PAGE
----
EVERETT — Prosecutors followed the law two years ago when they reached a swift decision to seek the death penalty for a convicted rapist who is accused of killing a Monroe corrections officer, a Snohomish County judge ruled Monday.
Lawyers for Byron Scherf claimed his rights were violated in 2011 by Prosecuting Attorney Mark Roe’s decision to include capital punishment as one option for jurors to consider if Scherf is convicted.
Defense attorneys Jon Scott and Karen Halverson urged Snohomish County Superior Court Judge George Appel to remove a death sentence as one potential outcome for the case.
They argued Roe abused his discretion by not providing Scherf’s lawyers sufficient time to make a case for mercy after he allegedly strangled corrections officer Jayme Biendl.
Scott told Appel it has been an “evolving practice” for prosecutors in potential capital cases to delay making a decision until hearing from the defense about potential evidence that could mitigate.
State law requires prosecutors to provide written notice of intent to seek the death penalty within 30 days of a defendant being arraigned for aggravated murder.
Scherf was arraigned March 16, 2011. Prosecutors filed the notice of intent to seek a death sentence the same day.
“The rigid, statutory requirements were complied with,” Seth Fine, a senior deputy prosecutor, told the judge.
Appel agreed, and said that evolving practice and statutory requirements aren’t the same thing. He also said the defense had failed to show that Roe abused the discretion reserved for prosecutors under the law.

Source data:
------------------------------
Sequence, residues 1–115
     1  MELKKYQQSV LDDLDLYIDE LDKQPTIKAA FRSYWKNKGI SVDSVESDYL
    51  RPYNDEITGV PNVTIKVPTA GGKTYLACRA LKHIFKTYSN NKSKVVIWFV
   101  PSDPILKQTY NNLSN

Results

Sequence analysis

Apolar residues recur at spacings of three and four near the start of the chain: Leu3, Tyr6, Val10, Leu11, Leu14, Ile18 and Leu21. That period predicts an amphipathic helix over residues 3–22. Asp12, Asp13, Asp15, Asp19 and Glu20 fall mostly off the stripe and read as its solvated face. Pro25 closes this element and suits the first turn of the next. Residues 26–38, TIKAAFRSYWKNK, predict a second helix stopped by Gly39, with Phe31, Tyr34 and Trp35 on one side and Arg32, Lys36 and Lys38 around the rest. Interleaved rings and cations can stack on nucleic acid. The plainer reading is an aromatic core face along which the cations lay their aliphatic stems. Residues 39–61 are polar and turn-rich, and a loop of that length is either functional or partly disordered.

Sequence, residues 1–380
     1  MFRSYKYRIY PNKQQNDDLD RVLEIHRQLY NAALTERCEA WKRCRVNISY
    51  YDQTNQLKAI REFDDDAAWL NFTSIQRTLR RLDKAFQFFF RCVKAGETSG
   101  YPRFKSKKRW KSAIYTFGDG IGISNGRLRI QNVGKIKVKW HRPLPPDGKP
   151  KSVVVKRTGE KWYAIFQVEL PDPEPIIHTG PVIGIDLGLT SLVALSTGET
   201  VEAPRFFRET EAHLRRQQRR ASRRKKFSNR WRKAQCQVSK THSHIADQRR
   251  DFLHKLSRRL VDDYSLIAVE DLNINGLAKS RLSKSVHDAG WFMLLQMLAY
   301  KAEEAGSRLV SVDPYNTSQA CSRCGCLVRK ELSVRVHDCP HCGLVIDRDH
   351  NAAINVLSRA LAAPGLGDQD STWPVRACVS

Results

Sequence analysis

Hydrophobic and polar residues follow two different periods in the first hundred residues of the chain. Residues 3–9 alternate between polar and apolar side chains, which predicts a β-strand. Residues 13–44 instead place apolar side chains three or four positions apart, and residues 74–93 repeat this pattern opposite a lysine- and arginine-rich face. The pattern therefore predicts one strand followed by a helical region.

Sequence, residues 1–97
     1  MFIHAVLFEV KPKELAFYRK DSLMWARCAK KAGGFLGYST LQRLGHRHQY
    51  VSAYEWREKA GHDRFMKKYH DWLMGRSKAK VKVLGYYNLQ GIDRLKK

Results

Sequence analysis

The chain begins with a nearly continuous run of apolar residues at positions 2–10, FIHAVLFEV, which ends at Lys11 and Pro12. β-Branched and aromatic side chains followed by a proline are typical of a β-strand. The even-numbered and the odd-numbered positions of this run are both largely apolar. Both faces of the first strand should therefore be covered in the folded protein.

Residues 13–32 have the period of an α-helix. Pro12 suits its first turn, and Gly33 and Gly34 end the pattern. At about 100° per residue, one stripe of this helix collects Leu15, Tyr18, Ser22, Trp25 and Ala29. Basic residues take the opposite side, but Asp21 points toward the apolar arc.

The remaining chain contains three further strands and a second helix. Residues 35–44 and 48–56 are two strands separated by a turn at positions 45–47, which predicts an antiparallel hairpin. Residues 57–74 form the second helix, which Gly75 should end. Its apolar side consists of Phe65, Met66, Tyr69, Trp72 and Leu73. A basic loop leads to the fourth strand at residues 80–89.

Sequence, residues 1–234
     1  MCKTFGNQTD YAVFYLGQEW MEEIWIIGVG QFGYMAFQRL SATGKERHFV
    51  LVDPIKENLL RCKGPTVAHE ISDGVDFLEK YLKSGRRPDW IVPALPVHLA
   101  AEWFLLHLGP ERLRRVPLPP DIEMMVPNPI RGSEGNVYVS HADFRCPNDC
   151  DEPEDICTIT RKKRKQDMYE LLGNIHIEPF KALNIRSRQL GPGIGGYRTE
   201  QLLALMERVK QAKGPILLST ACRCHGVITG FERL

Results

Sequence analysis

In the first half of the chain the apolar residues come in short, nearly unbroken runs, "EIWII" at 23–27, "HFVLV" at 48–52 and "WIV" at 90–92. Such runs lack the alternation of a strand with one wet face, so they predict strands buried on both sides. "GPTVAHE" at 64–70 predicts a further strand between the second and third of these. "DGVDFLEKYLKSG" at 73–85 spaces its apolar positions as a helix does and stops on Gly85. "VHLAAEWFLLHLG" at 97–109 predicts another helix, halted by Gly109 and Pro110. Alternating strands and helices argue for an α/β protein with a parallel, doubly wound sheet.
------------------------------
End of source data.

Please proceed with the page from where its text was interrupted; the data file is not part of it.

“There has been nothing that has been demonstrated so far that indicates the Constitution has been violated,” the judge said.
Biendl was killed Jan. 29, 2011, in an ambush attack in the chapel at the Washington State Reformatory in Monroe. Scherf was found seated outside the killing scene. Within days he provided detectives videotaped statements, admitting responsibility and claiming remorse, according to court papers.
A repeat rapist, Scherf already was serving a life sentence under the three-strikes law when Biendl was killed. Roe said he reviewed nearly 6,500 pages of police reports about the killing and records about Scherf’s decades in prison before deciding that jurors should have the option of considering death for the defendant.
On Monday, Scott repeatedly told the judge that he’d reviewed the same materials and they were “chock full” of evidence that could support mercy for Scherf.
Appel asked whether the defense team had considered submitting mitigating evidence after Roe announced his decision.
Fine said the prosecutor would be open to hearing more from the defense. Scott, however, said that the only appropriate outcome would be for Appel to bar the state from seeking his client’s death.
Scherf’s lawyers in 2011 made nearly identical arguments about Roe’s handling of the death penalty decision, also without success. They plan to appeal.
A pair of King County Superior Court judges recently sided with defense attorneys who raised similar challenges in unrelated murder cases there.
The decisions have effectively stopped the capital-murder prosecutions of Joseph McEnroe and Michele Anderson, who are accused of killing her family near Carnation in 2007, and Christopher Monfort, who is charged with the 2009 killing of Timothy Brenton, of Marysville, who was a Seattle police officer.
King County prosecutors are appealing to the state Supreme Court.
Jury selection in Scherf’s trial is scheduled to begin early next month.
Diana Hefley contributed to this report.
Scott North, 425-339-3431, email@example.com.